Edith N (ca) wrote: Bait and Switch Theatre Apparently, the Swedish government at the time had censorship rules that forbid the portrayal of the supernatural onscreen. This is mind-boggling to me, but there is also the slight issue that it means that the film shouldn't have been made at all; no censorship seems enough while still keeping the basic story intact. However, Selma Lagerlf, author of the original novel, is one of the great lights of Swedish literature, and she was too important to challenge, even in the name of censorship. Which I suppose is an example of Sweden's being more sensible about such things than the US, given that Joe Breen didn't care who wrote the original book if he thought it was offensive, and his office didn't even have the force of law behind it. But anyway, the movie got made because you didn't dare made Selma Lagerlf mad, and censoring her plot would have done so. At least, that's what IMDb tells me, and if I'm going to start disbelieving them now, what's the point? According to legend, Death attends each person's end in a carriage steered by a shadowy driver. For the driver, a day is as a year, and the driver must keep the duty for what then feels like three hundred sixty-five of them (366 in leap year). The driver, you see, is the last person to die each year, whosoever dies on the stroke of midnight, New Year's Eve. (In a bit of a clever marketing ploy, the film's initial release was on New Year's Day.) And this year, the man who is last to die is David Holm (Victor Sjstrm), a wicked man. Across town, a woman is dying of tuberculosis that she caught from him; she is Sister Edit (Astrid Holm), and she wants to know that David is living a better life because of her. Only he isn't and doesn't much care. So Georges (Tore Svennberg), who has been driving Death's carriage for the last year, does his level best to make David understand the suffering he has caused over the last year and before. You see, when I read the plot description on the Criterion release, I thought I was going to get an eerie supernatural tale. Instead, what I got was a morality play. (Can someone who speaks Swedish tell me if "Salvation Army" is the correct translation of the organization Edit works for?) We are really supposed to be wishing that David would only see the value of Edit's prayers and stop being evil, even though it's quite obvious that he didn't--after all, we're getting the whole story in flashback. However, I was hoping that we'd move on to what I thought of as the real story, the story of Death and the carriage and what it's really like to be the driver of that carriage. I didn't care about Edit, who was frankly getting what she deserved. She said she didn't care if David's clothes were infected, and I'm sure, if you'd asked her, that her response would have been that God would protect her. Well, God's protection from tuberculosis is the knowledge of proper sterilization, and she ignored that. Part of why I got so frustrated about the focus on David and Edit's story is that the special effects were really quite impressive, given what the state of the art was at the time. I've seen special effects that looked more primitive from movies made fifty years later with a sizable budget. I'm sure part of that is that B&W covers a number of sins that Technicolor does not, but the effect of the carriage is impressive. I would have liked to have seen them play with that some more, but instead, there's all that flashback and David's long-suffering wife (Hilda Borgstrm), who doesn't even seem to have her own name. I will admit that I don't in general care much for supernatural thrillers, and what I was rather more hoping for was a supernatural drama, but I felt cheated by the morality play. Though I'm sure that the budget if they'd continued that level of special effects would have been astronomical, and I guess we're back to what the original book was about, and I haven't read it. In the end, the real problem is that I didn't have much sympathy for anyone. David Holm was such a cartoon villain that I wasn't interested in seeing him redeemed, because he would have no personality left whatsoever. His wife made the sensible decision of walking out on him and taking the kids, and she is expected therefore to bear responsibility for everything he did after that, though only by him, so I'm not sure what the author thought on that subject. Edit keeps going on about how she loves him, and I don't think it's supposed to be Pure Christian Love. Which is all the more ludicrous because she only met him once, and he was horrible to her. It's the kind of behaviour that gives women a bad name when men believe it. And there's this weird bit where David's brother (Einar Axelsson) kills a guy in a fight but they want to send David to jail for it instead, and I don't understand that at all. Even if it's because he was a bad influence on his brother, the law just doesn't work that way.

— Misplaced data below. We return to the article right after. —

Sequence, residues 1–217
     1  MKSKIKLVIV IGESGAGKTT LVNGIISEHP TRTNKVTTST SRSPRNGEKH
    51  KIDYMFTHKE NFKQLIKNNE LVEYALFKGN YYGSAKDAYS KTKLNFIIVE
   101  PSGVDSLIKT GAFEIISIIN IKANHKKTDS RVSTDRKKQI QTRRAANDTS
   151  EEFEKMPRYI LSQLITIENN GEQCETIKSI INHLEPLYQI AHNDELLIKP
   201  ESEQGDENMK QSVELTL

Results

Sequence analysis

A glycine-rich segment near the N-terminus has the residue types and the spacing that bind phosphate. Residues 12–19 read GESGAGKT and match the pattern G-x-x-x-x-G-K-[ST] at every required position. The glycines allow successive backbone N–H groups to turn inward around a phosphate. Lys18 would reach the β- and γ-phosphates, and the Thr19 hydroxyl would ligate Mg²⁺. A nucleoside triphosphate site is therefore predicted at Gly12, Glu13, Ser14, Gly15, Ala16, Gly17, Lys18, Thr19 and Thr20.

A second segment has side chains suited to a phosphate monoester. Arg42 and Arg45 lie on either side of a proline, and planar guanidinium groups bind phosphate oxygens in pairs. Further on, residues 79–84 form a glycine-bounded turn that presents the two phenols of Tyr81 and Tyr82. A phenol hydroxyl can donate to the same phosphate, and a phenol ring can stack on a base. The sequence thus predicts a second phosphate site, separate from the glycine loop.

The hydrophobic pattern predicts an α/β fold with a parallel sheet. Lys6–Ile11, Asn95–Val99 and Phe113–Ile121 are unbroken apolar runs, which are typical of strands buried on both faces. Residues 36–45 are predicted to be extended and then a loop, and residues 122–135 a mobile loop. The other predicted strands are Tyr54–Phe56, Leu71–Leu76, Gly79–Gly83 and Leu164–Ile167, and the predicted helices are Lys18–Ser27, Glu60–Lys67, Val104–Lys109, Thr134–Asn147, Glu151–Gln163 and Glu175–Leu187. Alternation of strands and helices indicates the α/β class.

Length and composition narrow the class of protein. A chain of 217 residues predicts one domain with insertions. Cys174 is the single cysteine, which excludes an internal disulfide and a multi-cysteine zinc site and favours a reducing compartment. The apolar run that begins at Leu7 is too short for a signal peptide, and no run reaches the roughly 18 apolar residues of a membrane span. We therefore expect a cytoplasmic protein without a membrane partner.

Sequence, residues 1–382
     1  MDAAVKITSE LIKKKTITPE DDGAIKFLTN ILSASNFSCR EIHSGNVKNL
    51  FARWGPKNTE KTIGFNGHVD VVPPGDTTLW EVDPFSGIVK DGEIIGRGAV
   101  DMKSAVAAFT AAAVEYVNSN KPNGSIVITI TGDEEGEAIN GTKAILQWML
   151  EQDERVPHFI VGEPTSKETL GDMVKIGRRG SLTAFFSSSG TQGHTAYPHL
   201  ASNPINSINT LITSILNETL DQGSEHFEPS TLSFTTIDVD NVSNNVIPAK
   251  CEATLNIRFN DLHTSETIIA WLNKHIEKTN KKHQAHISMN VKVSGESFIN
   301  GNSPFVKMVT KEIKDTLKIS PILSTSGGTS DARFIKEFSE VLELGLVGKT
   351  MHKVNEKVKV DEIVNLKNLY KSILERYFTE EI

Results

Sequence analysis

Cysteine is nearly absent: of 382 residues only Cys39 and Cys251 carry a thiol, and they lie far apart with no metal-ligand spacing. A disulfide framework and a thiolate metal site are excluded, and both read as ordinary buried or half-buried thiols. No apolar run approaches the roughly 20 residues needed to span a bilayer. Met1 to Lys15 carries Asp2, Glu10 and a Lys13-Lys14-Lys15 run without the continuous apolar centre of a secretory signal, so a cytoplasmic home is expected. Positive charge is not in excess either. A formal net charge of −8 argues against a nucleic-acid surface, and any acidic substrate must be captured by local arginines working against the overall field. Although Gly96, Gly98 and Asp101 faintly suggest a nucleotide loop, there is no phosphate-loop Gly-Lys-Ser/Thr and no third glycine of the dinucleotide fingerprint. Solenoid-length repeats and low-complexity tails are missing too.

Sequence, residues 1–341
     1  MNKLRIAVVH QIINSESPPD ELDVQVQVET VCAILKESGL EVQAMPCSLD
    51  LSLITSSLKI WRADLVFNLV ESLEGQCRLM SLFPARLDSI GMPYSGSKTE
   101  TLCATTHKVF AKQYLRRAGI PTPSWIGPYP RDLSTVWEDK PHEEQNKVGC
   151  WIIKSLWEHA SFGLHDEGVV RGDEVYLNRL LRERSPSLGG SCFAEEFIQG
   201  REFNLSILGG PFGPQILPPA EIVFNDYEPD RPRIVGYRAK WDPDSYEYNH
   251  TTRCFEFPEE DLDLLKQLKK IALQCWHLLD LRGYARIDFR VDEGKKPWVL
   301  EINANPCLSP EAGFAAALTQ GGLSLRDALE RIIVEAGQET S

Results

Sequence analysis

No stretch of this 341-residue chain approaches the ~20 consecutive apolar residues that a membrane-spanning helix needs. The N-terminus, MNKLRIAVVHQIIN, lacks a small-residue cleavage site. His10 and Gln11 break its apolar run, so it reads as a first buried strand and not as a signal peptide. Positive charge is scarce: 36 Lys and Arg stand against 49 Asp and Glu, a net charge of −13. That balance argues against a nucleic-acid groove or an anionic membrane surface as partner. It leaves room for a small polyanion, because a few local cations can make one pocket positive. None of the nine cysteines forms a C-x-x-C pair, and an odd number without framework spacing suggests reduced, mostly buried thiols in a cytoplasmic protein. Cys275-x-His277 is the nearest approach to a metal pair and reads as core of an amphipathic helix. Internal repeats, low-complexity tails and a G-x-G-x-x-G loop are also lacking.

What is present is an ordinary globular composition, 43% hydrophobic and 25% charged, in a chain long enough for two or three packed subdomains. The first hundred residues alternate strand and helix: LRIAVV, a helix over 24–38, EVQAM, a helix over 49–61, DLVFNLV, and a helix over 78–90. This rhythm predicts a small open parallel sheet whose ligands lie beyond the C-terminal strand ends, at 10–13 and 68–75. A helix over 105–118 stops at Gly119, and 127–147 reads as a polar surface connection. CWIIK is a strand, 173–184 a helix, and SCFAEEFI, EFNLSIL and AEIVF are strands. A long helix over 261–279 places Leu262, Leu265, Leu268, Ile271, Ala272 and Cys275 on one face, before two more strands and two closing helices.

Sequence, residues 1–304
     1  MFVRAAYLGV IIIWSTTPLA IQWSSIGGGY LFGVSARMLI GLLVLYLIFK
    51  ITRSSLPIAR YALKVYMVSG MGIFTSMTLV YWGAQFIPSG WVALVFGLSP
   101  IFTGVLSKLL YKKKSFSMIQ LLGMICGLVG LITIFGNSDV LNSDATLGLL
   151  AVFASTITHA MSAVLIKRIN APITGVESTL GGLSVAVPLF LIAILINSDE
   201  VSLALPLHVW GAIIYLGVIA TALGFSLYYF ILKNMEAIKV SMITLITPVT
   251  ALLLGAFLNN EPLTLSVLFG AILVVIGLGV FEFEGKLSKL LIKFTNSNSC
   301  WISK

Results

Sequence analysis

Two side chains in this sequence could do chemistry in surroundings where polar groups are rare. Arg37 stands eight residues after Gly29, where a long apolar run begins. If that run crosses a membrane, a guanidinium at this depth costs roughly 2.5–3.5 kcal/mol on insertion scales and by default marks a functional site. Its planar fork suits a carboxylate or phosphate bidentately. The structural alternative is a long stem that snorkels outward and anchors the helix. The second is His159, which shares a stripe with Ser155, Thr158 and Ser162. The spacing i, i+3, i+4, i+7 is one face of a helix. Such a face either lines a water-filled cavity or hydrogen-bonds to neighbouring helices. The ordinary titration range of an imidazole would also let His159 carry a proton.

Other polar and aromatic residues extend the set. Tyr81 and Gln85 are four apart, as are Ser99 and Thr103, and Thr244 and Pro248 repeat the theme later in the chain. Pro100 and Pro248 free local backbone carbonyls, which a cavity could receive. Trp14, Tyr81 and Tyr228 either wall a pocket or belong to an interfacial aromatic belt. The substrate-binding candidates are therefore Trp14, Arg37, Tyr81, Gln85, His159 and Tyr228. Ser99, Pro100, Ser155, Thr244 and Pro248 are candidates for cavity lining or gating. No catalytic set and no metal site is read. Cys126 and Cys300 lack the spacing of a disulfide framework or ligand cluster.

Ray B (br) wrote: All I can say is the money spent to make this movie was a waste of money. I just wasted 1 hour and 37 minutes of my time that I'll never get back.